Google Enterprise is making inroads on many fronts, winning converts to everything from its productivity tools to its cloud offerings. Network World Editor in Chief John Dix recently caught up with President of Google Enterprise Amit Singh for a progress report and to discuss what comes next.
Give us the Google Enterprise elevator pitch.
If I were to describe it in just a few sentences, Google is a technology company building platforms for the cloud, and we're out to make the Web faster and safer with Chrome, and offer mobile people the same great experience with Android. Obviously, all of that is built on our expertise in data centers, and we layer services on top — we started with search but then moved on to video, email, document storage, all those kinds of things.
We're seeing a pretty secular platform shift from PC-centric languages and platforms to mobile-centric, and if you are mobile and multi-deviced, then by nature you are building on Web services, whether our own or your own on our cloud. So that's the pitch in a nutshell.
Is the main appeal of the Google Apps portfolio still mostly the low cost?
It started that way because it was everything packaged together for $50 per year from any device. But people love the capabilities built into the products because they can get work done faster — collaborative document editing so you don't have to go back and forth with attachments, or click one button and you're in a video conference with somebody. It really speeds up the enterprise. Any cloud technology should be a lot less costly than legacy technology, but they should also make new things possible.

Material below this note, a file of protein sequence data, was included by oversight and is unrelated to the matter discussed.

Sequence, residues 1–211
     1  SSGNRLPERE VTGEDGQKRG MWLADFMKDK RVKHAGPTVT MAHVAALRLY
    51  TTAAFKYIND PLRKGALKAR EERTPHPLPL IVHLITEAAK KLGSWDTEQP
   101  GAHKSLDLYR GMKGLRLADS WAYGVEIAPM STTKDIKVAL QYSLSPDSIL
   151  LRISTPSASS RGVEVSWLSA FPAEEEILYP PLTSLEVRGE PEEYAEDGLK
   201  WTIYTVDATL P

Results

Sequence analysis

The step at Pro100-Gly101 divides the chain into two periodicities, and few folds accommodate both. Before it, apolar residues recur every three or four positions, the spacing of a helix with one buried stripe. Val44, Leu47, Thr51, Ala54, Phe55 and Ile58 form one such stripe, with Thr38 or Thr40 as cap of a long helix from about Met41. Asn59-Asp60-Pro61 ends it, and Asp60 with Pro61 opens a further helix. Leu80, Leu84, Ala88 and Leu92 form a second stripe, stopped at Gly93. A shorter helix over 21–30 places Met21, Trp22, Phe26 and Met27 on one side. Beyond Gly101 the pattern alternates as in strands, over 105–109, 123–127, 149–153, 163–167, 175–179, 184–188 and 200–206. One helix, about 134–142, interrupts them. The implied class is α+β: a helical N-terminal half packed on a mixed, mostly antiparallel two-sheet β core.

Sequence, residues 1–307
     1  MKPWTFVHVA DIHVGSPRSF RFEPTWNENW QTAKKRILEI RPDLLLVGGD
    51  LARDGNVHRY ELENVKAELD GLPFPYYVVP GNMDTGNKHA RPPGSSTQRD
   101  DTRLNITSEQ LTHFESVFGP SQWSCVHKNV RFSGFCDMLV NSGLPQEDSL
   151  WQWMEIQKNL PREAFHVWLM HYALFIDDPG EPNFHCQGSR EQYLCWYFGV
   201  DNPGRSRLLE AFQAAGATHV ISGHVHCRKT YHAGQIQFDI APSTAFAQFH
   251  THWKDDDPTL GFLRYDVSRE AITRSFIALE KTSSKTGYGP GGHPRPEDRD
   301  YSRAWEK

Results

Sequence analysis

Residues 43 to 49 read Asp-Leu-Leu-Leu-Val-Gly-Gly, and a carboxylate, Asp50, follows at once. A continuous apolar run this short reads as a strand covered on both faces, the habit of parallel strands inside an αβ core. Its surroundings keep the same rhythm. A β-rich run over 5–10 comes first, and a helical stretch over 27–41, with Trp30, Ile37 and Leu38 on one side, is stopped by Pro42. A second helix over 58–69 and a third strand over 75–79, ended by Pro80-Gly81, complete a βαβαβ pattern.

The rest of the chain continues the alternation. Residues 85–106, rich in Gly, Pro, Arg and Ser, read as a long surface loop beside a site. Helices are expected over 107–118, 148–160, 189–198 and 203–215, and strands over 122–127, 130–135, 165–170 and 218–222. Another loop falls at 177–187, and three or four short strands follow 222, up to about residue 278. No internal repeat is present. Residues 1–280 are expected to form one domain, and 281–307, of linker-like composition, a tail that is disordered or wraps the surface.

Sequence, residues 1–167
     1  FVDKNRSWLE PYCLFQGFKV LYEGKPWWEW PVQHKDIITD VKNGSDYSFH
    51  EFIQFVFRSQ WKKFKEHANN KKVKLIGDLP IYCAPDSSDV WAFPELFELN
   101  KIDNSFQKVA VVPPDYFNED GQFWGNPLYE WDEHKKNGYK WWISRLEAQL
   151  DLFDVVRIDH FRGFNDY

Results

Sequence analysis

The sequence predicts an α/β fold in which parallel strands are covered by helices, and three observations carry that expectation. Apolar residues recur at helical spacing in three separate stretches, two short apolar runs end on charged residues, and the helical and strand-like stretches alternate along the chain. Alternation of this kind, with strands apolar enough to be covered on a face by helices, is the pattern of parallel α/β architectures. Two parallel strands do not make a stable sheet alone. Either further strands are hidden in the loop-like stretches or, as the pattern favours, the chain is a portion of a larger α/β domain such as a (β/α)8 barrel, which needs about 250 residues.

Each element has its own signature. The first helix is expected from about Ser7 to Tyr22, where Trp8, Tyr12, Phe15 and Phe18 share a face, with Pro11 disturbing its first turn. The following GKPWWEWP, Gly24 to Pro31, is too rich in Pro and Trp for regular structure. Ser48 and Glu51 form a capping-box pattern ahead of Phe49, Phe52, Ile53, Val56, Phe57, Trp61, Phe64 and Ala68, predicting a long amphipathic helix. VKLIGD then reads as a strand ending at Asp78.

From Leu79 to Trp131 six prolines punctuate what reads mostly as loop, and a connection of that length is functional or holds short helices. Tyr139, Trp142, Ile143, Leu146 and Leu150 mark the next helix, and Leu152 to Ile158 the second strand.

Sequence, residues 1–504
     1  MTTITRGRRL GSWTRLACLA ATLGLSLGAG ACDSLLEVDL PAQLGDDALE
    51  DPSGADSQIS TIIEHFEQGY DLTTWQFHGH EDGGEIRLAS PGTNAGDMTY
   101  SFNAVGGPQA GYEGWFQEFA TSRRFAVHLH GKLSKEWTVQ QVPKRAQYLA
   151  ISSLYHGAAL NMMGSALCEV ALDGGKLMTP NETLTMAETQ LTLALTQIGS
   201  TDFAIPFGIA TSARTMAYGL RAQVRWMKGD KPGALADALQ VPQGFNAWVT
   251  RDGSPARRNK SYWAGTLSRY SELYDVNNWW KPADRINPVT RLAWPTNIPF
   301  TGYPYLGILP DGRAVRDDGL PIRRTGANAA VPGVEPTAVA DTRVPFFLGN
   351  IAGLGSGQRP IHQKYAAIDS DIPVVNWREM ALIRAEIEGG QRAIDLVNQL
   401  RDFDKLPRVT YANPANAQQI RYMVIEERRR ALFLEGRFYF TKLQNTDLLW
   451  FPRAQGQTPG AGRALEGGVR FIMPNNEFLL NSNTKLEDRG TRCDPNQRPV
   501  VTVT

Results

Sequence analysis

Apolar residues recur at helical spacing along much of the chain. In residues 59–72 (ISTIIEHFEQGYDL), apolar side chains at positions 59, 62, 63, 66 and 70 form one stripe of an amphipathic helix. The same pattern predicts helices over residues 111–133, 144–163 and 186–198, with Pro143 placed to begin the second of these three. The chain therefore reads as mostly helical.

And you're reaching large enterprises now, as I understand it.
Yes. Fifty-eight percent of the Fortune 500 are using our products now, everything from search appliances and Google Apps to our geospatial products.
What's the single most successful enterprise product, beyond search?
Google Apps, closely followed by the Google Maps API, which enables people to embed Maps in their websites.
Give us some examples of enterprise wins.
Costco, Office Depot, Dillard's, Guardian Life Insurance, these are all Fortune 500 companies in the U.S. using Google Apps. And in terms of customers in government we have the Department of Interior, the largest department in the federal government, states like the state of Wyoming, and city governments in Pittsburgh, Orlando, Los Angeles and Boston.
Internationally we have Woolworths, the huge retailer in Australia, ANA, the largest airline in Japan, Roche Diagnostics, the list goes on.
Do many of them use the whole kit and kaboodle, or just select products?
Increasingly, yes. A few years ago customers would come for Gmail and Calendar, but now more and more people are using Chrome as their default browser, Google Apps (including Google Docs and storage), the Google Drive product, and Hangouts for videoconferencing. So yeah, they're using large portions of the suite. And they also use the administrative controls; device management is built into Google Apps so you can remote wipe devices or enforce use of passwords or two-factor authentication and a variety of things like that.
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